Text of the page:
The bad in being 50 is that I can expect to be able to listen to music for a very maximum of 30 years (likely less), 
It's not enough time to listen to everything I would. You have 26 available years more than me.
 
Workout. Cool
You can live 26 more years (unless you have health problems).


Edited by geneyesontle - November 19 2012 at 16:24
Poseidon wants to Acquire the Taste of the Fragile Lamb
- Derek Adrian Gabriel Anderson, singer of the band Geneyesontle
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Post Options Post Options   Quote JediJoker7169 Quote  Post ReplyReply Direct Link To This Post Posted: November 19 2012 at 23:28
Some of the music to which I fell asleep as a child has become some of my favorite music, and has guided me toward similar music in later life.  A good example is Chiaroscuro by Mike Marshall & Darol Anger (of Montreux fame) or No Blue Thing by Ray Lynch.  I continued to regularly fall asleep to music through my early teens, at which point it seemed the type of music didn't really matter, as long as it was familiar and likable.  I know for certain that I was, at that time, able to fall asleep listening to Disturbed.  For whatever reason, it now seems that the type of music does matter, as I can no longer fall asleep listening to heavier stuff (like Disturbed).  At the same time, albums like Chiaroscuro and No Blue Thing are almost sure to do the trick.

In my mid- to late teens, instead of falling asleep to music, I would listen to music instead of going to sleep.  I guess it was a form of rebellion... Maybe.  This was one of the ways in which I discovered Progressive Rock.  My first classic Genesis album was Foxtrot, and I can recall listening to it for the first time, seated on my bedroom floor.  I discovered Porcupine Tree in the same way through In Absentia.  Magical experiences, to be sure.
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Post Options Post Options   Quote Gallifrey Quote  Post ReplyReply Direct Link To This Post Posted: November 19 2012 at 23:31
I remember, just after I found out about prog, I also discovered my friend's dad liked it, and spend ages ripping all his Rush, Genesis, Tool and Dream Theater cds. I actually got him into both Porcupine Tree and Opeth then, as they were the only prog bands I knew well, know when I go over to their house I get sad because he has every single album of both PT and Opeth.

It's hard loving so much music and having no sustainable source of income.
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Post Options Post Options   Quote Hercules Quote  Post ReplyReply Direct Link To This Post Posted: November 23 2012 at 17:30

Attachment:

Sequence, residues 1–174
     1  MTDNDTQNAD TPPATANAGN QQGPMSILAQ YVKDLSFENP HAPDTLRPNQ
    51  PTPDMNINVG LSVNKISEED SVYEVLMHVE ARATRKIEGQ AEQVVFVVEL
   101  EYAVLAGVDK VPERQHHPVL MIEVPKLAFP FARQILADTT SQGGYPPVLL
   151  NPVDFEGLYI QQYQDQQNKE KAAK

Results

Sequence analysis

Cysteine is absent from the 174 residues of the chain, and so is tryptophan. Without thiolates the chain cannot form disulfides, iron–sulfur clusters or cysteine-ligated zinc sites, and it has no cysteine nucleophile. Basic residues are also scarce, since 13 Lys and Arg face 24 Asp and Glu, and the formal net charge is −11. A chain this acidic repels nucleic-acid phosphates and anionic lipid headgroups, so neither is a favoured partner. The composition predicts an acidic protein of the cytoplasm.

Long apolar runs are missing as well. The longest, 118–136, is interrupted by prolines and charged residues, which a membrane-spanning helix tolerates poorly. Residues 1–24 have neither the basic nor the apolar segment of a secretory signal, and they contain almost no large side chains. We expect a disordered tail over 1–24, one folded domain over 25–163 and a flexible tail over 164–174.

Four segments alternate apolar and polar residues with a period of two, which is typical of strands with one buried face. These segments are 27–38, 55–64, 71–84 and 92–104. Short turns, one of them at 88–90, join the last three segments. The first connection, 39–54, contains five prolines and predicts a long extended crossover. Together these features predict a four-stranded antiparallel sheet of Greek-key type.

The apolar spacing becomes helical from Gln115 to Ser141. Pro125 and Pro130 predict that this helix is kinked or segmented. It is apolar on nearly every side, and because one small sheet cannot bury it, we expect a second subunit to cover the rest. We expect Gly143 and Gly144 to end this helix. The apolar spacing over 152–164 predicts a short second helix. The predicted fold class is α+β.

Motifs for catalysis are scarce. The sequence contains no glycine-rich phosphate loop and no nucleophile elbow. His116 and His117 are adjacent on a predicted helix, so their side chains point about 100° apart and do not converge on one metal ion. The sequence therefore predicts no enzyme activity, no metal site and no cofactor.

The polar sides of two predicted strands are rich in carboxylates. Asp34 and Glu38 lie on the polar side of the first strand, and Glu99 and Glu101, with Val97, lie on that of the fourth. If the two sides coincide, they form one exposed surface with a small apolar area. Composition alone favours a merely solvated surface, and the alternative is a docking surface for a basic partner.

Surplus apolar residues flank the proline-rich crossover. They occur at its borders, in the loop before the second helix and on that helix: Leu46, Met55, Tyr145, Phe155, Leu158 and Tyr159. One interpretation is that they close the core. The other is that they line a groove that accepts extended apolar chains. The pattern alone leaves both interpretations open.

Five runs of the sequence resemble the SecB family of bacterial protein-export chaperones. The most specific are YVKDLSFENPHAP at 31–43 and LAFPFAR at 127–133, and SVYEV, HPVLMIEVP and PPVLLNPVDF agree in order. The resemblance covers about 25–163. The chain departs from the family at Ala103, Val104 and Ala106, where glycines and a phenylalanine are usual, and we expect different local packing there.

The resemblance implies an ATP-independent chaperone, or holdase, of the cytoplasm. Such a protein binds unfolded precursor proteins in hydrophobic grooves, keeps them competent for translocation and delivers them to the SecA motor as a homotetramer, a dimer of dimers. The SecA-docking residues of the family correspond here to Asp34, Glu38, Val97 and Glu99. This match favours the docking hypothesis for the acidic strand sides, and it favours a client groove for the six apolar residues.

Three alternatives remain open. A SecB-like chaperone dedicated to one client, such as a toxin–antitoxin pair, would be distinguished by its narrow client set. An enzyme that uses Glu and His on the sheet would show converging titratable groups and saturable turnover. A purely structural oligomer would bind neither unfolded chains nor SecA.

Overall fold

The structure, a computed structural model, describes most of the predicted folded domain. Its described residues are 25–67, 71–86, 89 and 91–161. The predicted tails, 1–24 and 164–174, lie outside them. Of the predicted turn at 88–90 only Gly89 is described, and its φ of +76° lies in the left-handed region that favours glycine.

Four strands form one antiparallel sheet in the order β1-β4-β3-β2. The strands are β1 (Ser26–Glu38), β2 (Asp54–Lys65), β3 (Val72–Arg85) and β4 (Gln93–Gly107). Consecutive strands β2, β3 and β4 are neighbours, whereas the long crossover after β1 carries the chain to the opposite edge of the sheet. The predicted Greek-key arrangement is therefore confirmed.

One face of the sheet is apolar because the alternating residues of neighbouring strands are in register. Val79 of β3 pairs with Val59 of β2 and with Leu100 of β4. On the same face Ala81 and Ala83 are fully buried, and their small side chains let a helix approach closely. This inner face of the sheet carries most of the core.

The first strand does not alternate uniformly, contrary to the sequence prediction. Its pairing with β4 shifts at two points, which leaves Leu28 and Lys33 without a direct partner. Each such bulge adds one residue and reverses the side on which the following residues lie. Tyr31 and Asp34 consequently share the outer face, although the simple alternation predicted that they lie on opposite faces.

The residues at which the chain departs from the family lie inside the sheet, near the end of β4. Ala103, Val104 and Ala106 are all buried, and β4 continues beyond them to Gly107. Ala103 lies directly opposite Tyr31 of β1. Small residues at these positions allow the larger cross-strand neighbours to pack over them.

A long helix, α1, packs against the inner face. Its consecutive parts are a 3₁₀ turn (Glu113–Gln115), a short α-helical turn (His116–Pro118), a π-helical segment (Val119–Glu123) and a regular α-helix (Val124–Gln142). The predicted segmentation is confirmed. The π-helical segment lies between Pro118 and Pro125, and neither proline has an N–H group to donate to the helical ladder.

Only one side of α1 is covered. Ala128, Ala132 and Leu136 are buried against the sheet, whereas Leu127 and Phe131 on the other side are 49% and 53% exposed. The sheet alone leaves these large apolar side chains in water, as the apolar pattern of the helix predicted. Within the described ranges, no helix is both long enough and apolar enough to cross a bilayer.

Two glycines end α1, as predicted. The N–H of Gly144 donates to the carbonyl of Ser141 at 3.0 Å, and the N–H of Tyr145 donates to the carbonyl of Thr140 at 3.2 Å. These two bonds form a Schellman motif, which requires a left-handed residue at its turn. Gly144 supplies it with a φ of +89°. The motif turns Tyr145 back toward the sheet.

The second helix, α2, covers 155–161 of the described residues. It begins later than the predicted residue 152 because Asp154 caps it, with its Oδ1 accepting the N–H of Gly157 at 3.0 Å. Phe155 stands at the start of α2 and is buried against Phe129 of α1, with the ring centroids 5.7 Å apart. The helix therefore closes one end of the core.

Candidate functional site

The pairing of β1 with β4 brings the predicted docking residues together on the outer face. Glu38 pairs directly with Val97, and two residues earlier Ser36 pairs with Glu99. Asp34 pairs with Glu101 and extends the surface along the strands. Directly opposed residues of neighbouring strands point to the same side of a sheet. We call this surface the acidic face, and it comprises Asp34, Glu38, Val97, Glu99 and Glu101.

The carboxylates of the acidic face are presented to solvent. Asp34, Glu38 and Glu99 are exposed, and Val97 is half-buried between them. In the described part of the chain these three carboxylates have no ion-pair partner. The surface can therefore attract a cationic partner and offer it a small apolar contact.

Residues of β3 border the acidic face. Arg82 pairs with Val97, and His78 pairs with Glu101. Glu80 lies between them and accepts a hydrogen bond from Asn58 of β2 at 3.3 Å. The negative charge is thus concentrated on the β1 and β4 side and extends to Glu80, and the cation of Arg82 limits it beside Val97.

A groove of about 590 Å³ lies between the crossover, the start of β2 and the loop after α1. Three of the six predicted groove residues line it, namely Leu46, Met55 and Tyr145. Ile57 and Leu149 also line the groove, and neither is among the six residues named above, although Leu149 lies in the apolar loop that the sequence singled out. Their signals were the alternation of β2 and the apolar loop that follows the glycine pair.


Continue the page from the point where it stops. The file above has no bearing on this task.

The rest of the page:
Obviously, children were never on my agenda, but my late partner had a son who is now living with me (until he can afford to move out).
 
He loves Marillion, Camel and Muse and some Yes and Rush but hates IQ and Genesis (probably because I adore them). He plays Hysteria and Roundabout as well as some Rush tracks like YYZ regularly and flawlessly on his bass and is actually getting his band to cover some prog tracks at gigs.
I have many faults. Being wrong is not one of them.
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Post Options Post Options   Quote 2WeeksInSpain Quote  Post ReplyReply Direct Link To This Post Posted: November 25 2012 at 18:57
my earliest memory of progressive rock music was running around my grandpas shop pretending to be a giant to the sounds of Alucard by Gentle Giant. must have been about 3 years old. good times
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Post Options Post Options   Quote CCVP Quote  Post ReplyReply Direct Link To This Post Posted: November 25 2012 at 22:21
Originally posted by Epignosis

Tiny scratch in my Fragile CD, so it gets stuck at "Five Per Cent For Nothing."  Not good with a mildly autistic kid.  LOL

So he's moved on to The Yes Album.

The Yes Album is better than Fragile anyway.
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Post Options Post Options   Quote Dayvenkirq Quote  Post ReplyReply Direct Link To This Post Posted: November 25 2012 at 23:19
^ Sorry for going off-topic, but: speaking of Fragile. I think "Long Distance Runaround" is a great soundtrack for the fight scene in the first third of your sig. LOL
"People tell you life is short. ... No, it's not. Life is long. Especially if you make the wrong decisions." - Chris Rock
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Post Options Post Options   Quote CCVP Quote  Post ReplyReply Direct Link To This Post Posted: November 26 2012 at 09:02
Originally posted by Dayvenkirq

^ Sorry for going off-topic, but: speaking of Fragile. I think "Long Distance Runaround" is a great soundtrack for the fight scene in the first third of your sig. LOL

Don't you think Roundabout would be more fitting? LOL